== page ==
A street in the northern suburbs of Tunis is now named after the 84-year-old Italian-Tunisian actress, unforgotten in “Le Guépard” or “Once Upon a Time in the West”.
“I’m still a bit Tunisian”: the actress Claudia Cardinalewho inaugurated a road in her name near Tunis on Sunday, underlined her attachment to her home country, whose hospitality she believes is a role model for the reception of migrants in the West.
“I feel very honored because this is where I was born and spent my childhood,” the 84-year-old Italian-Tunisian actress said at the start of a ceremony in her honor in La Goulette, a port city in the northern suburbs of the Tunisian capital. Visibly enchanted, the actress danced to tunes played by a traditional orchestra and then received several gifts, including portraits by local painters.
A mural featuring a huge portrait of the actress was unveiled just before the unveiling of a plaque near the small La Goulette train station. “We love Claudia very much and she loves Tunisia, she is coming home, we wanted to spoil her with a road that will forever bear her name,” La Goulette Mayor Amel Limam told AFP. “I keep many things from Tunisia inside me, its landscapes, its people, its sense of hospitality, its openness,” the actress confided ahead of these ceremonies in an interview with AFP via email.
The descendant of Italian emigrants said she was “very grateful” to the town hall and to the association “La Piccola Sicilia”, co-organizer of the ceremonies in her honor. This “little Sicily” was the district of La Goulette, where thousands of Italians from Tunisia, mainly from Sicily, were concentrated and where “la Cardinale” was born. At independence in 1956, the Italian community, including many emigrants who arrived before the French protectorate (since 1881), had more than 130,000 members.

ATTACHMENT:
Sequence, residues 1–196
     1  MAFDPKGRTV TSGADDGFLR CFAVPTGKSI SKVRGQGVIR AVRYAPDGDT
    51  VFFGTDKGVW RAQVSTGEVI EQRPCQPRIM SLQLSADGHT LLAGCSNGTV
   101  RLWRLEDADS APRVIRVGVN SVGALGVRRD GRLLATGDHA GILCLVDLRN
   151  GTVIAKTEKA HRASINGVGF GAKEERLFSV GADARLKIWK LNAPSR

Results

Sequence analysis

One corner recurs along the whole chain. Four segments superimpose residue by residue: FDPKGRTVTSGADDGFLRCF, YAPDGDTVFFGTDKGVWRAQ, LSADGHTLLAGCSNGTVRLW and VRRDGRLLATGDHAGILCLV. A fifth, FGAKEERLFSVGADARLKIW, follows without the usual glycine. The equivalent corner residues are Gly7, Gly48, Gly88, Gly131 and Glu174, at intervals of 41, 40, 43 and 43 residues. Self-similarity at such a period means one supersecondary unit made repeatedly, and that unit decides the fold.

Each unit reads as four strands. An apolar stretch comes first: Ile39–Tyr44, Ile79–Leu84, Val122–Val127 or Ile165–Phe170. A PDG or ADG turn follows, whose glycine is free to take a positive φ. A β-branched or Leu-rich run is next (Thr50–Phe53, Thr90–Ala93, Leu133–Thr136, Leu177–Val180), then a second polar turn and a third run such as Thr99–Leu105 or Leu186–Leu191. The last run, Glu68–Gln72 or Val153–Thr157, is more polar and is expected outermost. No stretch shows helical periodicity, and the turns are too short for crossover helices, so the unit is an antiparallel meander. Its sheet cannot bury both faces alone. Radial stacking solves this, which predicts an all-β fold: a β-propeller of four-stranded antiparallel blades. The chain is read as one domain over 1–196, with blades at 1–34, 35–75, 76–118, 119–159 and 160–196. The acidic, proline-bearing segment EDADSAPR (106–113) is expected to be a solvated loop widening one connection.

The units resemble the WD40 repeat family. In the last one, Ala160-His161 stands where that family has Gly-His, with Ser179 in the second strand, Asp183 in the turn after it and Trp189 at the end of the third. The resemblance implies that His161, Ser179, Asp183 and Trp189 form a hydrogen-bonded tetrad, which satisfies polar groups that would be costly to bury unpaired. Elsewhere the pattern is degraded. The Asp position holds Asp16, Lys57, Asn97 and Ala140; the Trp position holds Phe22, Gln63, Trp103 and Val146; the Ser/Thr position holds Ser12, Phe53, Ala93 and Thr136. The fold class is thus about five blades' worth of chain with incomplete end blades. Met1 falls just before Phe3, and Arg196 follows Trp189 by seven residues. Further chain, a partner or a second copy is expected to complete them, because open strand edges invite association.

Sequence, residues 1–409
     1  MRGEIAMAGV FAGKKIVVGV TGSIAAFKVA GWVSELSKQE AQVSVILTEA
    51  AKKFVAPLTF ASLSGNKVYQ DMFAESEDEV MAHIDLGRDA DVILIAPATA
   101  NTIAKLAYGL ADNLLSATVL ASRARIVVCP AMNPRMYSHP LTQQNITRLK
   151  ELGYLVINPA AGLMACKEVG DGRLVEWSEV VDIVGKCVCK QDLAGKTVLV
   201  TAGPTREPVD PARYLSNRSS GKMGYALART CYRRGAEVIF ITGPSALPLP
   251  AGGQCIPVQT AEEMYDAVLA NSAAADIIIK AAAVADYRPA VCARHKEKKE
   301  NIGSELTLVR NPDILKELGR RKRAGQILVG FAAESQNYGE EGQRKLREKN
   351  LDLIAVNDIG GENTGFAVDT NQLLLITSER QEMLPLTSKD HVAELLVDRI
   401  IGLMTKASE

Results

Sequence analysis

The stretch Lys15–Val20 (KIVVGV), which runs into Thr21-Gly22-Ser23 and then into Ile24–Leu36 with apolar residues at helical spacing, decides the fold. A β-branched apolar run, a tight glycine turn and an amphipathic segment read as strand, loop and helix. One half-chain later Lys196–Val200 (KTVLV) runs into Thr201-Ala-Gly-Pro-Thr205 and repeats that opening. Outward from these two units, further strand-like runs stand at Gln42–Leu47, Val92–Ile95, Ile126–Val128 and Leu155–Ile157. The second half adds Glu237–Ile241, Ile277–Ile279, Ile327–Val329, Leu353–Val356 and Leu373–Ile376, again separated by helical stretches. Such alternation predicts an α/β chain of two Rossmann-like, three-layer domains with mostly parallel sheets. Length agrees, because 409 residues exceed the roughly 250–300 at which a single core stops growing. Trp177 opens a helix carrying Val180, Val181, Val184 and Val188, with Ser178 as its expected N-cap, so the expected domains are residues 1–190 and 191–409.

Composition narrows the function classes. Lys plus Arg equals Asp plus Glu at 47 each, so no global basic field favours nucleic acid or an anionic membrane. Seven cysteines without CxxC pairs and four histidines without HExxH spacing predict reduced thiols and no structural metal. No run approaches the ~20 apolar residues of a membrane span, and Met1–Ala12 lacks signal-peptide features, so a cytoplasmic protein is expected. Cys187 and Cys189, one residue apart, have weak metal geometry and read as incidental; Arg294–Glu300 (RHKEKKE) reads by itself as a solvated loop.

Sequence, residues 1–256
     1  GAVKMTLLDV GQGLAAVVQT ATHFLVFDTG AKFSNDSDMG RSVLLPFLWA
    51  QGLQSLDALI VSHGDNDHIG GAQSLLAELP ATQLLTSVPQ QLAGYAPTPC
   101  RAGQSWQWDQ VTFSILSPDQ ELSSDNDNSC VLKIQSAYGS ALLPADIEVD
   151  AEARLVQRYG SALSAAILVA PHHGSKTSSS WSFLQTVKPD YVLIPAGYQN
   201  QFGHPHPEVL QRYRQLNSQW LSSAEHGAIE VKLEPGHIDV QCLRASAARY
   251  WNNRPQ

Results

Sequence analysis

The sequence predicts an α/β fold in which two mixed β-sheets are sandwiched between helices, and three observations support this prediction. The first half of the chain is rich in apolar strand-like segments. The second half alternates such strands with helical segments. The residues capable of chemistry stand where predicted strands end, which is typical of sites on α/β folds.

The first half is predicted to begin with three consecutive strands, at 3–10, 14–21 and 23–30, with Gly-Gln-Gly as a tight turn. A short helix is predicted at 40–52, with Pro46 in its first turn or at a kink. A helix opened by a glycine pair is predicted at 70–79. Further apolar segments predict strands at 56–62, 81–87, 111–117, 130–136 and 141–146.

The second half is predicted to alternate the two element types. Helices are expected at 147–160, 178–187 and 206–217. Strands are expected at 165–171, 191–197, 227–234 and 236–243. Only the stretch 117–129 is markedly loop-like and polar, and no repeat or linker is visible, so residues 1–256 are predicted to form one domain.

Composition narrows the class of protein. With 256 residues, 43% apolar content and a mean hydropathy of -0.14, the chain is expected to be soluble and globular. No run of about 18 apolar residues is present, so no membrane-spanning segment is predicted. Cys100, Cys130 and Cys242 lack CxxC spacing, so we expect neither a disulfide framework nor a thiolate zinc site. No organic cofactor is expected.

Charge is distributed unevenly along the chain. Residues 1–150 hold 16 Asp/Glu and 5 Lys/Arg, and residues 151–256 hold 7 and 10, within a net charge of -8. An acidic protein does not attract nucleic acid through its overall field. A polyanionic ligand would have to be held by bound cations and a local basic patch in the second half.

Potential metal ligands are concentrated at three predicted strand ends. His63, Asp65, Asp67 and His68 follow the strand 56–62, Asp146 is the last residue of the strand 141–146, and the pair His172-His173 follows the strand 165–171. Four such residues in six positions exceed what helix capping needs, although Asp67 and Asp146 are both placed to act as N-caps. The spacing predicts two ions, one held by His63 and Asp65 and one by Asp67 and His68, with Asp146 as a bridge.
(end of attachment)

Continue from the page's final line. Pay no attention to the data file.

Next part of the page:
“Great cultural mix”
“It is an important past: the Tunisia of my parents, my grandparents, was an extraordinary Tunisia. A land of sharing, of joy, of exchange,” she confided, emphasizing that she “grew up in a very good cultural mix.” Voted “Tunisian’s most beautiful Italian” in July 1957 at just 19, her reward that same year was a trip to the Venice Film Festival, where she was noticed by the industry. In particular by director Mario Monicelli, who will give him his first role in “The Pigeon” the following year.
Shortly thereafter, her family moved with her to Rome, where her career took off with mythical roles in Luchino Visconti’s The Cheetah and Once Upon a Time in the West Sergio Leone. The actress, who has lived in France for many years, has never stopped filming and plays the grandmother in Tunisian Ridha Behi’s latest film, The Isle of Forgiveness, which is currently in post-production.
“Land of Welcome”
Like the protagonists of the film about Italian immigration, his parents never recovered from their exile in Tunisia. “It was very hard. My father never wanted to come back as he feared the pain, which was a real heartbreak for him,” she insists. “My mother recreated Tunis in Italy. She planted there the species “bougainvillea, jasmine, prickly pears ” and continued to cook “Tunisian”.
For these descendants of Sicilian migrants who left Africa in search of a better future, Tunisia “must be proud of its history”. and face to migration which today are often made from south to north, it was “important for the actress to remember this common past”. “Tunisia was a welcome country for us. I wish all people in the world who have to go to find the same welcome.”
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